And oh yes, now who’s wearing red? Shiloh grins as she uses her grip to pull Kae within reach, pecking her on one rosey cheek.

“It’s the trees,” Kae says, brushing a strand of Shiloh’s dark hair from her face. “They’re saying, don’t wear red.”

“How judgemental of them,” Shiloh says, but leaves her red wrap safely in their pack anyway.


Tracking the girl isn’t difficult. She smells of hay and woodsmoke, a combination that is as much out of place as her humanity this far into the woods. Shiloh hangs back, employing more caution than she would have otherwise, her wife’s worried frown at the fore of her mind.

The girl is indeed alone. Shiloh closes the distance between them until she can spy the girl’s back through the trees. Her hooded cloak is flapping around her ankles as she walks.

Her hooded red cloak.

Shiloh frowns and ups her pace, circling around the girl on soft feet until she finds a clearing up ahead with a downed tree to serve as a casual perch. The girl comes upon her bare minutes later, startling to a stop despite Shiloh’s deliberate, friendly smile and unassuming posture. Unfortunately there’s little she can do about her state of dress.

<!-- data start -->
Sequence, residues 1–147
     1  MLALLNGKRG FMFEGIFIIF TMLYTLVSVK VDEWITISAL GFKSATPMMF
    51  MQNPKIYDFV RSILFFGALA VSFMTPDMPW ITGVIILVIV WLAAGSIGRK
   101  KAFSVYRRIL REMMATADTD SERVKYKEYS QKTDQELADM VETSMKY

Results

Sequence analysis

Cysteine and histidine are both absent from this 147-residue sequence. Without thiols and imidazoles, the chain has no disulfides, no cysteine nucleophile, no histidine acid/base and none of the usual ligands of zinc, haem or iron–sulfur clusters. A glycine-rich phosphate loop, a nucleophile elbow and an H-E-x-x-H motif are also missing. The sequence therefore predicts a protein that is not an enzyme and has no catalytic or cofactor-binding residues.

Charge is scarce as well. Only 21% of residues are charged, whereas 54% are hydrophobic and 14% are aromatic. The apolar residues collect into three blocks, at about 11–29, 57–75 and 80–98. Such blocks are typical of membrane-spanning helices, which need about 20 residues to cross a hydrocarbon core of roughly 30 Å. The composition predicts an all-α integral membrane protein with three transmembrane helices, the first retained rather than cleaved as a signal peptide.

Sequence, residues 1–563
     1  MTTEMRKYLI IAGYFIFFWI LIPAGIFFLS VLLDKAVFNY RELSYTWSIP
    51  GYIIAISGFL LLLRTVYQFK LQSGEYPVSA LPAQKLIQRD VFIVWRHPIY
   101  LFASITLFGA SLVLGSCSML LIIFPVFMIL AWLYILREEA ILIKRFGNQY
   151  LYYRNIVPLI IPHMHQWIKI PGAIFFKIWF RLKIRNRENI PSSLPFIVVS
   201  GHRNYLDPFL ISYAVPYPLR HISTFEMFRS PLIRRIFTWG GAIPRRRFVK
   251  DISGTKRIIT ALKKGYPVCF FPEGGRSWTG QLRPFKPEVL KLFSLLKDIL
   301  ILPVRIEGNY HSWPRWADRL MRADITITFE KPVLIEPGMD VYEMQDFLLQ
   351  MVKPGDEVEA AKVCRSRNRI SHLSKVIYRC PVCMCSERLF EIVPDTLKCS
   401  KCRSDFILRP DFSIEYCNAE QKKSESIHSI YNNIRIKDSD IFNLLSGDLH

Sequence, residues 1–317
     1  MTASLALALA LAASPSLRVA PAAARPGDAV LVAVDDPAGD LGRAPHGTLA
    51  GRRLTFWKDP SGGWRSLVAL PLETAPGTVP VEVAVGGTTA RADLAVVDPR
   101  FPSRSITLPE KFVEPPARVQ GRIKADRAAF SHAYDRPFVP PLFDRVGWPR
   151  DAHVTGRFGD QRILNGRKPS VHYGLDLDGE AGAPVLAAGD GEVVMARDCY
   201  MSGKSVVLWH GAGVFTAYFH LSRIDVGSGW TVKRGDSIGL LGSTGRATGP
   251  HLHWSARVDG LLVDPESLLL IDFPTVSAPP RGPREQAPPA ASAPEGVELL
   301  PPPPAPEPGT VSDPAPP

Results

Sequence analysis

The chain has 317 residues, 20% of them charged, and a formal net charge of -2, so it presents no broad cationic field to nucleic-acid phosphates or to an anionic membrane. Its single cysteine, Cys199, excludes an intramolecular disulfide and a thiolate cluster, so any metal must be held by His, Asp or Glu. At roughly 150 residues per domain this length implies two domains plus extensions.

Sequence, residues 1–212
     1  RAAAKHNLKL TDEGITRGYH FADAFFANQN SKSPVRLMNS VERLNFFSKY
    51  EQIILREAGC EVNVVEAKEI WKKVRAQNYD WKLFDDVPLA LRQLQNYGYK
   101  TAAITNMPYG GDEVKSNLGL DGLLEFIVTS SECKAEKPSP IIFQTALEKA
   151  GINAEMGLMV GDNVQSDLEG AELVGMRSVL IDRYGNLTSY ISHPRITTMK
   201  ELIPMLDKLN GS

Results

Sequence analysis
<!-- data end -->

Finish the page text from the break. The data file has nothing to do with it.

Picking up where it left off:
The girl can’t be older than seven summers, blonde hair tufting out of her hood as curious eyes look Shiloh over. Shiloh doesn’t blame her. She’s an unusual sight at the best of times.

Finally the girl breaks the silence. “Why are you naked?”

The bluntness of the question stirs a real smile to Shiloh’s features. “I’m not naked,” she says. “I’ve this pelt.”

The girl frowns at Shiloh’s wolf pelt, twisted about her in an approximation of a tunic. “It’s not very big.”